A series of Salafist, jihadi terrorist attacks that erupted at the onset of the 2017 Ramadan portends a summer of terror for the West. Britain went to the polls on the heels of double attacks — Manchester and London – and ISIS targeted the Iranian Parliament. And now, Al Qaeda has stepped out of the ISIS shadow and seeks to be the premier mentor for Salafist assassins everywhere.
Both ISIS and Al Qaeda recently issued statements directing their followers to carry out inspired and semi-directed attacks, but the good news is that the posted guidance can be used to predict future strikes.
Two pieces of evidence are key. First, ISIS has re-issued statements and broadcasts from the late Abu Muhammad Al Adnani, killed in an August 30, 2016 US air strike near Mosul. Adnani was ISIS’s director of intelligence and special operations, and a spokesperson who was credited with recruiting dozens of terrorists to stage “homegrown” terror attacks in Europe. Last May, he ordered a series of attacks during Ramadan that reportedly killed more than 700 people.
Second, the son of Osama Bin Laden and heir of the Al Qaeda terror franchise, Hamza Bin Laden, issued a highly specific guidance for attacks in the West in a revealing 10-minute video released May 14.
[Editor’s note: Also read the author’s Homeland Security Today report, Al Qaeda Makes its Move with a Video Primer by Hamza Bin Laden]
These two sets of marching orders are extremely important to terrorist cadres and should be studied by security professionals. Initially, ISIS and Al Qaeda leadership will try to mobilize their members in the West to carry out attacks through the orders of central leadership. These efforts will focus planning on operations similar to ISIS’s attacks in Paris two years ago. In addition, expect ISIS and Al Qaeda to seek to catalyze some attacks planned by jihadists entirely on their own without any direct involvement or direction of leadership.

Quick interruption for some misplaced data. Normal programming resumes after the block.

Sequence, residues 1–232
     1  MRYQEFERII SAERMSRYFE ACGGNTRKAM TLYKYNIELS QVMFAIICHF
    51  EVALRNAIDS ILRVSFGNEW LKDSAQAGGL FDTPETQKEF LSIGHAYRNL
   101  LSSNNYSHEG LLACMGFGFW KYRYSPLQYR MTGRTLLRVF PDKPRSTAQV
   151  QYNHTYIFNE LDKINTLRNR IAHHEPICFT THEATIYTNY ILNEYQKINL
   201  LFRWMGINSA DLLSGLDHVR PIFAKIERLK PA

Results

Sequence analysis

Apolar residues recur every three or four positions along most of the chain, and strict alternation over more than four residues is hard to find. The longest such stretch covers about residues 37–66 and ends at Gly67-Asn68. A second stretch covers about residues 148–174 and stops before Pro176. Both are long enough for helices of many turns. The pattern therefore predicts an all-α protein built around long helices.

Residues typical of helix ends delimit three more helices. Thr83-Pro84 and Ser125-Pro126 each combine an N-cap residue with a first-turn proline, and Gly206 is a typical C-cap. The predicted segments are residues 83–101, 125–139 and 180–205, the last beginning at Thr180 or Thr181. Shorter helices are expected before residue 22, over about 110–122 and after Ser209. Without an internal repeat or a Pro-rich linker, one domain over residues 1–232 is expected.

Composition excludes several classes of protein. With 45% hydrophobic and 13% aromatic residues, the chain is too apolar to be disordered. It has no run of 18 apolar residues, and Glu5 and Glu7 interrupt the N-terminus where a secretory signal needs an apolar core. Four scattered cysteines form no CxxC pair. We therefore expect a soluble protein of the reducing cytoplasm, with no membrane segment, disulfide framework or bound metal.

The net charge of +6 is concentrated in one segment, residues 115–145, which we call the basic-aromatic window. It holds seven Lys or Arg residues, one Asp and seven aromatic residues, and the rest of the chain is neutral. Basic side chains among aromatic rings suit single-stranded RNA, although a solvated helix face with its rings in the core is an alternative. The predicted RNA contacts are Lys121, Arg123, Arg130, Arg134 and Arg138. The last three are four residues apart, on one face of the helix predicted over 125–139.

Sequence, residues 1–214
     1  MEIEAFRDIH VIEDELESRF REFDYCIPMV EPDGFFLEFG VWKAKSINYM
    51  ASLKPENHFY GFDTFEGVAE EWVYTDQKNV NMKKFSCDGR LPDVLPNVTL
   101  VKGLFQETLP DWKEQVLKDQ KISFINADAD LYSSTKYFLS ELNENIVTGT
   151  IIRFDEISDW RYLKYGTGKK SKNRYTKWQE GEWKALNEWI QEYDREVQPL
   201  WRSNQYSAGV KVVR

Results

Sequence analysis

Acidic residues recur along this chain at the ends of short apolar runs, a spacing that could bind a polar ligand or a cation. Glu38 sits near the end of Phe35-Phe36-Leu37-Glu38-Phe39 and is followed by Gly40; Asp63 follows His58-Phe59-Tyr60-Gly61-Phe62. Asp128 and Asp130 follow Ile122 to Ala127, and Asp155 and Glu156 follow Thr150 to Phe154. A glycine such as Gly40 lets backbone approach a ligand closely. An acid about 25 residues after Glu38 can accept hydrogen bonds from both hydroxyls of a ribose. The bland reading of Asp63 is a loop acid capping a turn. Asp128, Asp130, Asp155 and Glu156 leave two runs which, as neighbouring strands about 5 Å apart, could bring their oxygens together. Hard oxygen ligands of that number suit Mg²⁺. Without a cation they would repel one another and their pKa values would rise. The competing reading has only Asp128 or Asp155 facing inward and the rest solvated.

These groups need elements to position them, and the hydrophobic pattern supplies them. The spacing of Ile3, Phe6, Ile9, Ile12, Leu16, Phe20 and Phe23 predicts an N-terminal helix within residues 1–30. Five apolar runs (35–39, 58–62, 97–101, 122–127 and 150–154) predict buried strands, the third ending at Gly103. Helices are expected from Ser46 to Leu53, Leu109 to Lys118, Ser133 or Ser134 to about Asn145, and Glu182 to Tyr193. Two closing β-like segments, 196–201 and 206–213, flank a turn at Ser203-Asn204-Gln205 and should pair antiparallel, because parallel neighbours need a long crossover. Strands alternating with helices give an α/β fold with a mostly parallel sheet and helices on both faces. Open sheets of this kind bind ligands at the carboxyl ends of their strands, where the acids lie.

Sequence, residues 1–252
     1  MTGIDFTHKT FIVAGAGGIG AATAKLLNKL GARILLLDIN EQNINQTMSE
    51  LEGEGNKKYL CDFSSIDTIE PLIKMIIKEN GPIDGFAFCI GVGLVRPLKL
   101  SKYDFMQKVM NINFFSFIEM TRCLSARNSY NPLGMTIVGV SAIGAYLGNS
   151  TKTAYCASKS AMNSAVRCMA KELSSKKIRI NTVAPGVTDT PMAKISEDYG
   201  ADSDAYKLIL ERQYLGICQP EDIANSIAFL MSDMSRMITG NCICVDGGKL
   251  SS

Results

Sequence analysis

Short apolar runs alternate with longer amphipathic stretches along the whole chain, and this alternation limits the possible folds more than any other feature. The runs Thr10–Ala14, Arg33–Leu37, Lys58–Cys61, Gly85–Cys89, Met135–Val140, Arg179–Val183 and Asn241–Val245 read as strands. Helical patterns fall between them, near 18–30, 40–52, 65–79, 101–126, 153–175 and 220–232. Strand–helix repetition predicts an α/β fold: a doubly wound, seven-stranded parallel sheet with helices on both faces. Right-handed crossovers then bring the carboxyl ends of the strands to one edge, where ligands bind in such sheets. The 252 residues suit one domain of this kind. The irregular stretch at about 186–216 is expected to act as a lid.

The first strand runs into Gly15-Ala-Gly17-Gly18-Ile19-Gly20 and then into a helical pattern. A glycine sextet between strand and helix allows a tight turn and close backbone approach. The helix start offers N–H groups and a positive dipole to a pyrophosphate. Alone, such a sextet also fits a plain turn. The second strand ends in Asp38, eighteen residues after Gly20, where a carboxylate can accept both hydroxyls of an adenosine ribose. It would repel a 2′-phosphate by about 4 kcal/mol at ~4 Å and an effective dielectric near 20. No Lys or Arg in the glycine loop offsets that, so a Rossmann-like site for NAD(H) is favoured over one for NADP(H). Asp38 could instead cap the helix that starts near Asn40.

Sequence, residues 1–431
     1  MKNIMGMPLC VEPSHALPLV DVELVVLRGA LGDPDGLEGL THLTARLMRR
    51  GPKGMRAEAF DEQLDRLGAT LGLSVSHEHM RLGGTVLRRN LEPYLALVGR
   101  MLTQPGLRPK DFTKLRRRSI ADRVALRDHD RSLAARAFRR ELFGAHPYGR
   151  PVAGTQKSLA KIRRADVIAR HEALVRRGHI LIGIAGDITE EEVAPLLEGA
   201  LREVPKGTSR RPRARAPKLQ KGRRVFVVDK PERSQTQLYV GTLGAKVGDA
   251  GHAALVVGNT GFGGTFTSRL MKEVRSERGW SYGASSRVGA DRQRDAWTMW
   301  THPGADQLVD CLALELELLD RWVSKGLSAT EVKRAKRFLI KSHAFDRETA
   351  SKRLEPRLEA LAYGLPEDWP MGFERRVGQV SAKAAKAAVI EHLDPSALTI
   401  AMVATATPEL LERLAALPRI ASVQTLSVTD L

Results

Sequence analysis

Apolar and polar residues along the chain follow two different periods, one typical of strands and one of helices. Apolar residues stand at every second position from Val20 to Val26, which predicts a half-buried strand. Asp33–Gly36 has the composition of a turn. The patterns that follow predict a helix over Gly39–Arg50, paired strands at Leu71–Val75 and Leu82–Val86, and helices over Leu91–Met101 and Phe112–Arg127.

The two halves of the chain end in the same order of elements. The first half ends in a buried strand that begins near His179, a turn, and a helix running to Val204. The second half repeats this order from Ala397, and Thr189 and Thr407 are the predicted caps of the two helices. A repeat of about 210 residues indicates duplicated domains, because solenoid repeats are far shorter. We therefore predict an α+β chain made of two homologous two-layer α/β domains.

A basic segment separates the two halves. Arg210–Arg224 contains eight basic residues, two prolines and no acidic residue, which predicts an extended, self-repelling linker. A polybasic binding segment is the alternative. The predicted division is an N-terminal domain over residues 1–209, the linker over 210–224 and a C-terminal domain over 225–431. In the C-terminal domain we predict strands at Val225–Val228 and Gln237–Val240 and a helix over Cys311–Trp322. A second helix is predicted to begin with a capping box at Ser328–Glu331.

In the long term, the key to pre-emption is counterintelligence penetration of the jihadist community and face-to-face engagement with suspected terrorists. Terror cells do all they can to prevent this. Both ISIS and Al Qaeda teach their cadres during training two important rules as soon as they start their indoctrinations. The first rule is “to hear and obey,” regardless of any circumstances. Through this first lesson, Salafist organizations try to make sure their orders will be carried out without any discussions and as a religious duty. Disciples who refuse to obey frequently are executed as examples. The second rule is “not to involve themselves with the teachings and literature of other Islamic traditions and not to communicate or discuss their ideologies with others, even if they are family members,” so as to isolate their cadres from the outside world. The isolation ensures the status quo of coercive mental conditioning.
Effective counterterrorism over the long haul requires that the shell of secrecy and self-imposed mind control be penetrated. Because the cadres are taught not to discuss what they believe and what their plans are — even with their close family members — it is all the more difficult for law enforcement to find out what their intentions are. These rules for terror cells ensure these cells and their members survive among adverse environments, keep their belief systems intact and their true intentions hidden. Therefore, eliciting the terrorist’s own self-understanding and reversing it is a labor-intensive, long-term project not only for counterterrorism professionals, but also for trusted mentors, teachers, Imams and psychologists.